Creating Virtual Friendships

20th November 2014

The truth is that everyone loves a good story. They appeal to our imagination and they give us an insight into the story-teller, it makes us feels that we know them better. We are by nature relational beings, we work better in teams, so it’s only natural that we subconsciously look for relationship with those businesses we rub up against in our every day lives, the flip side to this being that a clever business will recognise the need in people for relationship and will reach out to both potential and actual customers and clients to try and make them feel included in whatever it is that business has to offer.


How do they do that? Well, the truth is that every business has a background and a story to tell, the art is in making it into something worth listening to and then knowing how to interweave this into your brand. Why your brand? Understand that your brand is in essence your reputation, your logo represents your brand, but no more than that. And if your brand is your reputation you’ll understand that, as with any public figure (which you can view your business as being), there’s a need to portray yourself in as interesting and favourable a light as you possibly can. Why? To win friends and influence people!


Let’s look at the story behind FedEx, the international courier. Whilst Fred Smith, the founder, was an undergraduate at Yale in 1965 he wrote a paper expounding on how a company carrying small, essential items by plane could be a much better business than the traditional truck and passenger plane. He got a “C”. He didn’t give up on the idea and launched the company in 1971. So far so ordinary, however just three years later Federal Express was on the verge of bankruptcy, it was losing $1m a month and had $5000 in the bank. The chips were down. Literally. Fred Smith flew to Las Vegas that weekend, played Black Jack with that $5000 and was able to place $32,000 in the company account by Monday. It bought them enough time to raise further funding and the rest, as they say, is history. That story is the stuff of legends, it’s the essence of US entrepreneurship, it draws you to want to celebrate FedEx’s success with them in the hope that it rubs off…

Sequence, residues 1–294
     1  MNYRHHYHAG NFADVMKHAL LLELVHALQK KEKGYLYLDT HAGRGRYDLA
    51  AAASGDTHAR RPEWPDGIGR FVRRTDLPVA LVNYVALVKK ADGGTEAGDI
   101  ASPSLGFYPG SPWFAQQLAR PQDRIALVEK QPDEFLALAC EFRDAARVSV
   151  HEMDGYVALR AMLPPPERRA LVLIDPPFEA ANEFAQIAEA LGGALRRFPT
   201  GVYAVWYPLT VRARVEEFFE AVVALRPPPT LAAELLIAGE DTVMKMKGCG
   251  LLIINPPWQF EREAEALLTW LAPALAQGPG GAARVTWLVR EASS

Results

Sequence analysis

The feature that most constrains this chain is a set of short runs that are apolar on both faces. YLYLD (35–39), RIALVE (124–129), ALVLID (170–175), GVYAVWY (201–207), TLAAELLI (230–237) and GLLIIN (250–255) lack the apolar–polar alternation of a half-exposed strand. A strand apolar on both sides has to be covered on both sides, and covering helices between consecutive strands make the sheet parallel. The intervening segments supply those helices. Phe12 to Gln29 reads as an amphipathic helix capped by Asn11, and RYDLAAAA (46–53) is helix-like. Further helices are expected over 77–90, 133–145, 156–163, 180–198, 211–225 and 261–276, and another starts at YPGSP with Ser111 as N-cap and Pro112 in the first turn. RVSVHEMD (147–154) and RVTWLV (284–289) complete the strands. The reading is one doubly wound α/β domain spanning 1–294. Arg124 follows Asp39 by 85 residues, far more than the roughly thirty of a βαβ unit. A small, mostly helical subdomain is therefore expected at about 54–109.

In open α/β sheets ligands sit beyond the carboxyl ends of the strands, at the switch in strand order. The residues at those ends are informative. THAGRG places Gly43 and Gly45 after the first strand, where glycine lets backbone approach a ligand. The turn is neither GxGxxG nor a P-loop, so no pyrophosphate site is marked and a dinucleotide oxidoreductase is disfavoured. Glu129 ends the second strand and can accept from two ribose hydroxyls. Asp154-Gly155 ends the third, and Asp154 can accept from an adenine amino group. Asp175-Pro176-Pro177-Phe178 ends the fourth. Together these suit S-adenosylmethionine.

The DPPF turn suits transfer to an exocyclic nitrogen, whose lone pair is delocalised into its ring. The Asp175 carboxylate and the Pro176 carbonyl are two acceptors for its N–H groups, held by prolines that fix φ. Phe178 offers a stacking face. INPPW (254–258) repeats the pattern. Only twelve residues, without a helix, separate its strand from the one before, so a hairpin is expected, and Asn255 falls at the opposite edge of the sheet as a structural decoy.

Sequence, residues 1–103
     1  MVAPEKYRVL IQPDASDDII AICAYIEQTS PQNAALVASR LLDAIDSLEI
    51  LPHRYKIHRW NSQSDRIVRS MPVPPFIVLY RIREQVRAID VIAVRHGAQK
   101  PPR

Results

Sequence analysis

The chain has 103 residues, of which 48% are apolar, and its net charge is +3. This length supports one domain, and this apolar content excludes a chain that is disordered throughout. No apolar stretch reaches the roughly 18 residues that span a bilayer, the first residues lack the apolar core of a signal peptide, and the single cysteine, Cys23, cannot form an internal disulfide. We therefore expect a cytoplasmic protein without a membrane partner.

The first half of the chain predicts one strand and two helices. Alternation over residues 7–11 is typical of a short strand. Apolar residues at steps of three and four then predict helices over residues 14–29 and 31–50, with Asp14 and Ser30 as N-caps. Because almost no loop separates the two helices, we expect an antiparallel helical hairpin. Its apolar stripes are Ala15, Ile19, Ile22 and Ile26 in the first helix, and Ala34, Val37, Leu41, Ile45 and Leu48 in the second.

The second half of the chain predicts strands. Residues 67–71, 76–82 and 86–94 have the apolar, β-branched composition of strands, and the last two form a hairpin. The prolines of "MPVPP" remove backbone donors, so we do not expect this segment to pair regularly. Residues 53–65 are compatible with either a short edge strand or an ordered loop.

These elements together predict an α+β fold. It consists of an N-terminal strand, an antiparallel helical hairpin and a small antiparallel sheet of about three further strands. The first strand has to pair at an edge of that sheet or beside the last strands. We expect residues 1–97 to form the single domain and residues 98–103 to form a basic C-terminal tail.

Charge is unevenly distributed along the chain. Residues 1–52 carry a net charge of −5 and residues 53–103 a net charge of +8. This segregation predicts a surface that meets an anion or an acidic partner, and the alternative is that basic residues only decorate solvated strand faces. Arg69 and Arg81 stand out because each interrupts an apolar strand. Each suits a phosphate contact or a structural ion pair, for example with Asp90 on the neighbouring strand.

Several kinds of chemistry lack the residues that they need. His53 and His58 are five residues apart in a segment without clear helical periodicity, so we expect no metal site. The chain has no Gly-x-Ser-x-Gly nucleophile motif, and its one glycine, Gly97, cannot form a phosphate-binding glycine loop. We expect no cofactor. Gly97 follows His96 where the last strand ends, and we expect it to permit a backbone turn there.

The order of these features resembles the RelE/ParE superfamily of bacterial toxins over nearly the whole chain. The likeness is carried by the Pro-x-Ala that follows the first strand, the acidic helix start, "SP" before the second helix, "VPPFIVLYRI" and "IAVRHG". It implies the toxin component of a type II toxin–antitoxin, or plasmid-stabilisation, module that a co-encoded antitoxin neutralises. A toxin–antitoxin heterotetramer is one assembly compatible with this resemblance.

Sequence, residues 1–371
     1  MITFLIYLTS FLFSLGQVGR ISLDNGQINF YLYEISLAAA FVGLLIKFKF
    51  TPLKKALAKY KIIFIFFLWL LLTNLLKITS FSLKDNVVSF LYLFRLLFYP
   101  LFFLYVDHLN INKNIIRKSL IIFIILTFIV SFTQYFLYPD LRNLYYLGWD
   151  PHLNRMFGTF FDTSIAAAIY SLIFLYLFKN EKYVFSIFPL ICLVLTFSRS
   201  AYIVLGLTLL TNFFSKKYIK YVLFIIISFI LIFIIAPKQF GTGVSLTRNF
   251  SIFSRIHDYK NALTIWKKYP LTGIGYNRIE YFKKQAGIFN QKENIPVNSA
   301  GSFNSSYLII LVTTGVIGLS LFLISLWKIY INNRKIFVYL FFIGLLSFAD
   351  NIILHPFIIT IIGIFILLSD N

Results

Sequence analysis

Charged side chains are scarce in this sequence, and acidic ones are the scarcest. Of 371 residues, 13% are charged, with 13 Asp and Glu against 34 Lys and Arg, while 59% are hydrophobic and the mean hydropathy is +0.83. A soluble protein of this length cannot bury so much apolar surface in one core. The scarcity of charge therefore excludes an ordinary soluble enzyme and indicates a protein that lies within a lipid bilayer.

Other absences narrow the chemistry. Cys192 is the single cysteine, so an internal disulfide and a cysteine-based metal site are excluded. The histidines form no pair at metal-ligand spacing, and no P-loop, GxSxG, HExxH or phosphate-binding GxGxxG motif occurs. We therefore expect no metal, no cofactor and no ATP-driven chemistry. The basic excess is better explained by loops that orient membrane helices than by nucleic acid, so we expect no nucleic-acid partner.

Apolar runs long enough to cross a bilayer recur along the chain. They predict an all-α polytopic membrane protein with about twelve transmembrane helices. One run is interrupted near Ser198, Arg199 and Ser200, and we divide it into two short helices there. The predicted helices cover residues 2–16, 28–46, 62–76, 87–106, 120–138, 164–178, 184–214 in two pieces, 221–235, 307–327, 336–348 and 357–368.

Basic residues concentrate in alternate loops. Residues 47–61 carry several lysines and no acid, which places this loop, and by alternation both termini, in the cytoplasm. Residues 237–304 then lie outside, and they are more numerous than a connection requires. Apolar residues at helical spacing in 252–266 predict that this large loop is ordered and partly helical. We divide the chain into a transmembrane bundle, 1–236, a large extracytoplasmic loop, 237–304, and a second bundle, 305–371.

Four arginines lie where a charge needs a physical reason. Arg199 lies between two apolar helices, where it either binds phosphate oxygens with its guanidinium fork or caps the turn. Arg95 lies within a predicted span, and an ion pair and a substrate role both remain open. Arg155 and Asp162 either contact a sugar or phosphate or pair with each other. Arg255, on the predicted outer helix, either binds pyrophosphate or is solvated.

Brand51’s story isn’t quite as expansive, but it’s interesting, Mark Guatieri, head of design at Brand51, was released by his previous employer on his 51st birthday, at just the time when IES, Brand51’s owner, was looking to allow their internal marketing department to service outside customers too. The new venture was to be a branding and design agency, the coming together created Brand51. It’s not the stuff of legends yet, but it is a story and it is a vital element of the brand…so what’s your story?


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